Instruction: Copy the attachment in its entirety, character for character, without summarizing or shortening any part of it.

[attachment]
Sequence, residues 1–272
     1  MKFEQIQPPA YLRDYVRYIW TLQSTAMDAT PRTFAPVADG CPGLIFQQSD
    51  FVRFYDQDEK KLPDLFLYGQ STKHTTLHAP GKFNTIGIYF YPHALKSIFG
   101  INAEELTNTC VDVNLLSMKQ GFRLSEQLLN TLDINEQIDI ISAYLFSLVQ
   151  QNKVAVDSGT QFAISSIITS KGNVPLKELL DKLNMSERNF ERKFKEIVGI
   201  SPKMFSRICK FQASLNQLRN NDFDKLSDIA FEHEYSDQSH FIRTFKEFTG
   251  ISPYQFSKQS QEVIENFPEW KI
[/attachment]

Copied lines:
Sequence, residues 1–272
     1  MKFEQIQPPA YLRDYVRYIW TLQSTAMDAT PRTFAPVADG CPGLIFQQSD
    51  FVRFYDQDEK KLPDLFLYGQ STKHTTLHAP GKFNTIGIYF YPHALKSIFG
   101  INAEELTNTC VDVNLLSMKQ GFRLSEQLLN TLDINEQIDI ISAYLFSLVQ
   151  QNKVAVDSGT QFAISSIITS KGNVPLKELL DKLNMSERNF ERKFKEIVGI
   201  SPKMFSRICK FQASLNQLRN NDFDKLSDIA FEHEYSDQSH FIRTFKEFTG
   251  ISPYQFSKQS QEVIENFPEW KI